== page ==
Manuscript Evidence for the OLD Testament
A manuscript is a hand-written document. Prior to the invention of the printing press in the fifteenth century, copying by hand was the only way to duplicate any document (the original is called the autograph).
The original Old Testament was written primarily in the Hebrew language. The Septuagint is a Greek translation of the Hebrew Old Testament, done in the third and second centuries BC. The Peshitta is the translation into Syriac from Hebrew, probably in the second century AD. The Vulgate is a late fourth century AD Latin translation.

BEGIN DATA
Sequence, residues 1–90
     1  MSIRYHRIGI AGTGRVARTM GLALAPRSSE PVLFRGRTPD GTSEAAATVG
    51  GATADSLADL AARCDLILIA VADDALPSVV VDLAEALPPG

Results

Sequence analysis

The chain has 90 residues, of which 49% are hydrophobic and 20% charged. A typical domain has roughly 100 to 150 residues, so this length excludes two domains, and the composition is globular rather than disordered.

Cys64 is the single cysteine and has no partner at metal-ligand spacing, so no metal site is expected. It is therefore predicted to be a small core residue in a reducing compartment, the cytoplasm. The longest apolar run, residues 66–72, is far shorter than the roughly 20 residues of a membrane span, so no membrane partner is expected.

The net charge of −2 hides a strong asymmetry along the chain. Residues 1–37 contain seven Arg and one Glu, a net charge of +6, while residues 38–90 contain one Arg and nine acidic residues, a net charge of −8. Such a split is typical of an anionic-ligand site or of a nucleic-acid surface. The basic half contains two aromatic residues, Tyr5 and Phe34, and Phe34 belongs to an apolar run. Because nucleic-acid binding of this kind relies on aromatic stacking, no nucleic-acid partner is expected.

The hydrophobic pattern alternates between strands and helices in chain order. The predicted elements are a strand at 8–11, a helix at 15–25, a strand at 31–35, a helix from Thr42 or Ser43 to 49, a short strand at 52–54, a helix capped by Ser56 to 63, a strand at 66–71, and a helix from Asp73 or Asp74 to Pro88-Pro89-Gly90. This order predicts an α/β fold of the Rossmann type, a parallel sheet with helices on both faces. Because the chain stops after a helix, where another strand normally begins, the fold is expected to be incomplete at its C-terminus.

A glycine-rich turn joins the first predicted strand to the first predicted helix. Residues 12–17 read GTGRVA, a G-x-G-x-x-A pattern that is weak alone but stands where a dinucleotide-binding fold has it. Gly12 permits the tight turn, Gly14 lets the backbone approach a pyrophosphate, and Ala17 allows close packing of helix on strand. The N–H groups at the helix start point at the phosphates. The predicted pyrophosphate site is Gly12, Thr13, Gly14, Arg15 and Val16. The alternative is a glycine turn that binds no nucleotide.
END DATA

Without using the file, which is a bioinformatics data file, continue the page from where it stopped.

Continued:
At present there are more than 3,000 Hebrew manuscripts of the Old Testament, as well as 8,000 manuscripts of the Latin Vulgate, over 1,500 manuscripts of the Septuagint, and over sixty-five copies of the Peshitta. Upon careful examination, only about 10 percent of the Hebrew text has any question about its readings, and of that percentage only a small portion is concerned with any significant difference in the meaning of the text.
Source: “Where Did Our Bible Come From?” Dr. Paul Wegner, Decision Magazine (September 2017, Vol. 59, No. 2), pp. 12-15.